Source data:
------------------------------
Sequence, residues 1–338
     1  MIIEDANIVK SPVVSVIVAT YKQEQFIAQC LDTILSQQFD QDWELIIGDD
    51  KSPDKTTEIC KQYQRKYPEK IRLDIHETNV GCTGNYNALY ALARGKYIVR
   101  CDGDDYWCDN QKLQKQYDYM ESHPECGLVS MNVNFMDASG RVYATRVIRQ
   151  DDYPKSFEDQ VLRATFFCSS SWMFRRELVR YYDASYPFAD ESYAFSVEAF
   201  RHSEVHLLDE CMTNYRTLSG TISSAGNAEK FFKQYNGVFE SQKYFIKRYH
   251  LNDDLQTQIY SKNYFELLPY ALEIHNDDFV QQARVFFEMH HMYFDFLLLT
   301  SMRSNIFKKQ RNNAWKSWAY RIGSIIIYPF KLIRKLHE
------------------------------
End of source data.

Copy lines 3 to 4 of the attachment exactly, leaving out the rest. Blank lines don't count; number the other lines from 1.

    51  KSPDKTTEIC KQYQRKYPEK IRLDIHETNV GCTGNYNALY ALARGKYIVR
   101  CDGDDYWCDN QKLQKQYDYM ESHPECGLVS MNVNFMDASG RVYATRVIRQ